A Hidden Diamond

Livingston Braves all-around player Bryce Dorvall dons his baseball uniform one last time for the camera on Thursday morning near Fleshman Creek in Livingston. Enterprise photo by Hunter D’Antuono.
Jordan P. Ingram
Enterprise Staff Writer

Beyond the white sands of Kailua Kona and in-between woven purple and green thatches of coral reef in the Pacific Ocean, an 18-year-old Montana native spent his spare time beneath the calm, cerulean-blue waves, spearfishing off the Hawaiian coast.

And for Bryce Dorvall, it was good fishing, too. Loads of smaller species kumu (goatfish), yellow-eyed kole and tiger-striped manini (surgeonfish) were easy targets for the nimble amphibious hunter. 

But upon his 2017 graduation from Konawaena High School in Kealakekua, Hawaii, Dorvall really wanted to do one thing — play baseball for the Livingston Braves.  

An easy going young man, the Bozeman-born Dorvall knew he would fit naturally onto a roster of old friends from his sophomore and junior years at Park High School.

“I had a bad baseball season in Hawaii,” Dorvall said.  “I shattered my ankle running to first base on a bunt. I stepped on the second baseman’s foot and just rolled it. I was out most of the season there on the Big Island so I wanted to try and catch up, get my numbers back up and just have some fun.” 

So, his girlfriend’s parents bought him a plane ticket and he made his way back to Park County. 

However, there was one caveat for Dorvall’s impromptu trip to Livingston — he’d be a short timer, available to play for roughly a month before departing for U.S. Army basic training on Sunday, July 8 in Fort Benning, Georgia. Dorvall called up Livingston coaches Bruce Lay and Rich Spallone to inform them of his availability for the team.

“I got back here and called Bruce up,” Dorvall recalled. “He said, ‘Ya, just come out. We’ve already got a number for you.’”

Dorvall made the most of it, playing 17 games as a pitcher, second baseman and at center field for the Braves. The Bozeman-born ballplayer put up some significant numbers, holding a face-melting .450 batting average for nine league games.

In just 30 days, Dorvall recorded 13 hits, 2 doubles, a triple, 7 RBI and scored 10 runs for the Braves. 

Dorvall took the mound in his final appearance for the Braves on the Fourth of July at the Firecracker Classic tournament in Polson. It was a performance to remember. Dorvall got the win, finishing with four strikeouts and surrendering four hits and a single run in his five-inning complete game performance, helping Livingston rout the Dillon Cubs, 17-1. The Braves took third place at the annual tournament near Flathead Lake.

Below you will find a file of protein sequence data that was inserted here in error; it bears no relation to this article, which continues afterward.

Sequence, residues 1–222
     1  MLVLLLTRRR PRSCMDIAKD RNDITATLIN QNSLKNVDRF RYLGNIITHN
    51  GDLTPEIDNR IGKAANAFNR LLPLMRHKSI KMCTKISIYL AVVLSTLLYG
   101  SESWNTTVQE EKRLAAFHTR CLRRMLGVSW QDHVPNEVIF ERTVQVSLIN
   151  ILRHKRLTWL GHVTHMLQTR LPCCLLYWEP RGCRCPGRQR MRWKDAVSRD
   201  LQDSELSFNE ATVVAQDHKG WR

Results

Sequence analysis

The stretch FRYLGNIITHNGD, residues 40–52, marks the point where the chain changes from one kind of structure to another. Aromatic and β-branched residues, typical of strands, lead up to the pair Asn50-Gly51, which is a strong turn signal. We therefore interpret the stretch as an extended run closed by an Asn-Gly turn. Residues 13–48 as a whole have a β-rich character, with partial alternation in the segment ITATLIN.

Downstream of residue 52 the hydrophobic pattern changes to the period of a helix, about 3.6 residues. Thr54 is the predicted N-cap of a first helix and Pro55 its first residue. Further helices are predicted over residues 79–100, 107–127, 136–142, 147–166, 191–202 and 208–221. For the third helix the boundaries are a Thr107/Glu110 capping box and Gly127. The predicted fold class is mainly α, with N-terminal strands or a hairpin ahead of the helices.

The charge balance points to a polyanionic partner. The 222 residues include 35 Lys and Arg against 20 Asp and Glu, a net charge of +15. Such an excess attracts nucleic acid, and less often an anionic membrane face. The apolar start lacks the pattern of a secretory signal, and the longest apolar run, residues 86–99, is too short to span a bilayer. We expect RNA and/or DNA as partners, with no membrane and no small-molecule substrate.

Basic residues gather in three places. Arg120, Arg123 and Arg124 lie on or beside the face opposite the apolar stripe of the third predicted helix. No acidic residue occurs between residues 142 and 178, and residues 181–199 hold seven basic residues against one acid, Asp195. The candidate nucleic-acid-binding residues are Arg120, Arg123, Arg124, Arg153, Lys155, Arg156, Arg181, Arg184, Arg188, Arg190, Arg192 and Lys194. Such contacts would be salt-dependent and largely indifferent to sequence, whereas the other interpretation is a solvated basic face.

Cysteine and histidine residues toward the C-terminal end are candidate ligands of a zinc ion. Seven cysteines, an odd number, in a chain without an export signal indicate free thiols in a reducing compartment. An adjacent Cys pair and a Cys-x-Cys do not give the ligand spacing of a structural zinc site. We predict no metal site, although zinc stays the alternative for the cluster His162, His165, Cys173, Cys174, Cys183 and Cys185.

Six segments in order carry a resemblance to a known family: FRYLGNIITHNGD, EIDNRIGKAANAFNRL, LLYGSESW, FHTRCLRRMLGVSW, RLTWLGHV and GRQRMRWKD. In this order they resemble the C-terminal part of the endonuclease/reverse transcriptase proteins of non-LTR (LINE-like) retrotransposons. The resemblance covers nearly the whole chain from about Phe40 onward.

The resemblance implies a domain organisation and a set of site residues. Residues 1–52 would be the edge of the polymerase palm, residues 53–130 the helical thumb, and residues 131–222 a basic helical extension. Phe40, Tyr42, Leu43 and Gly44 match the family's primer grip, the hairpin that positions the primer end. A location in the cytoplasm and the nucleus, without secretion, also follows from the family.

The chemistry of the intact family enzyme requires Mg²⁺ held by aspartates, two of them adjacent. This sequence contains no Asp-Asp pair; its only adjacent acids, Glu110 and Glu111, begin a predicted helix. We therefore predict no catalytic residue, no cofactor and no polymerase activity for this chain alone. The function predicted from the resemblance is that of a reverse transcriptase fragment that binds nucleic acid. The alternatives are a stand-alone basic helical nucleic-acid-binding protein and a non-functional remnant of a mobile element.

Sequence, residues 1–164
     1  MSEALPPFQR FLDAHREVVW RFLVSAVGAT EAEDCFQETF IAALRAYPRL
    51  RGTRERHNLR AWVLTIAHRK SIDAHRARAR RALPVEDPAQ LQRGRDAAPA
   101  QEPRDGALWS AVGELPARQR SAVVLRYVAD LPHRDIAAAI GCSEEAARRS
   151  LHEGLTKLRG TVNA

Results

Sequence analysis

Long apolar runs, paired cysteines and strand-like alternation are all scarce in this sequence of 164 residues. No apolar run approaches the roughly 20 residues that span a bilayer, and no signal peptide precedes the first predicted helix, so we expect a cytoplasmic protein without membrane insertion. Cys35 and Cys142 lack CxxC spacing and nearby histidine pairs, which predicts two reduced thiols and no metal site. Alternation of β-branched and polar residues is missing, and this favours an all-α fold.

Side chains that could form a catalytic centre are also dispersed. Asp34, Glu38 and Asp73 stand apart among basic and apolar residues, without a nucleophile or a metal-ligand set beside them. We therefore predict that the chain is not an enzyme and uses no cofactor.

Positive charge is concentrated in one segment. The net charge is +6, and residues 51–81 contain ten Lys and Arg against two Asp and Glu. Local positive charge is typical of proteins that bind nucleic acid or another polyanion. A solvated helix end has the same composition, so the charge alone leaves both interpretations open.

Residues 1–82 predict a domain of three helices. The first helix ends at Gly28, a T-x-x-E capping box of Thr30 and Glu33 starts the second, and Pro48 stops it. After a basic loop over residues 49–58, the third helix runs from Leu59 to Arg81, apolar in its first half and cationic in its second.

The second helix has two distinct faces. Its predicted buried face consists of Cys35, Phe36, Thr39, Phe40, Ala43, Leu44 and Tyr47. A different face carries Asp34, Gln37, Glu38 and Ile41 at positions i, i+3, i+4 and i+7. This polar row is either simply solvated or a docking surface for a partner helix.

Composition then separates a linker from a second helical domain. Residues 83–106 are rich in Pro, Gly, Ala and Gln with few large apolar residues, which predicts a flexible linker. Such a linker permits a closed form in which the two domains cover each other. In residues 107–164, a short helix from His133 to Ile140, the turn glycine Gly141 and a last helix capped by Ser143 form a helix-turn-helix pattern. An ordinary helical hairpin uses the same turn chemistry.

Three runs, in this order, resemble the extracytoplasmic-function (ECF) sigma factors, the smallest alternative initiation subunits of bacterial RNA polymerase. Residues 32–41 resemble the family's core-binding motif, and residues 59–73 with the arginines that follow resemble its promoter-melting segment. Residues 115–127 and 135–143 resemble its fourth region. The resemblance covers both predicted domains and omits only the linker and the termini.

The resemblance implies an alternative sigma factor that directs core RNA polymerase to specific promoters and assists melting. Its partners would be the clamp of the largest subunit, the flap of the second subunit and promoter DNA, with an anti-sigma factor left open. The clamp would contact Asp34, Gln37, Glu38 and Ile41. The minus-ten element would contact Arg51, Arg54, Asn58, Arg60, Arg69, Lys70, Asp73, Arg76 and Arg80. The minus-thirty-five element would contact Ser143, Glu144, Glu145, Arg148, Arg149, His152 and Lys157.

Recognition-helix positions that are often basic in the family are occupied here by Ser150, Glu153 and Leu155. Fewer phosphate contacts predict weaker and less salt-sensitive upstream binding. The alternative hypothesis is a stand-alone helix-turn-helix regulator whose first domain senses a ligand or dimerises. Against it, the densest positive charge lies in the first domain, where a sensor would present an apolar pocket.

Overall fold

For a kid familiar with operating on Hawaiian time, the coaching philosophy of Spallone and Lay seemed to jive with his newly discovered island style. 

“(Spallone and Lay) are a lot more laid back than my other coaches,” Dorvall said. “My coach in Hawaii was really strict, a lot of conditioning everyday. Rich and Bruce are more about the fun aspect of baseball.”

But what is even more exciting for the Big Island sports star is the idea of 14 weeks of basic training and eventually serving his country as an infantryman in the U.S. Armed Forces, something he has thought about since eighth grade.  

“I’m pretty pumped,” Dorvall said. “I’ve been waiting a long time to make a career in the military. It’s just infantry for the first four years — I’m okay with being a ground-pounder right now.”

After 14 weeks of basic training, Dorvall will become a serviceman, joining several family members, including his older brother who is currently a U.S. Marine.  

“My uncle Ron was always telling stories from when he was in the service. And then my brother joined the Marines. So, it kind of just went from there for me.”

When asked if he had any words of farewell to family, friends and fans of American Legion baseball, Dorvall didn’t hesitate.

“Go Braves.”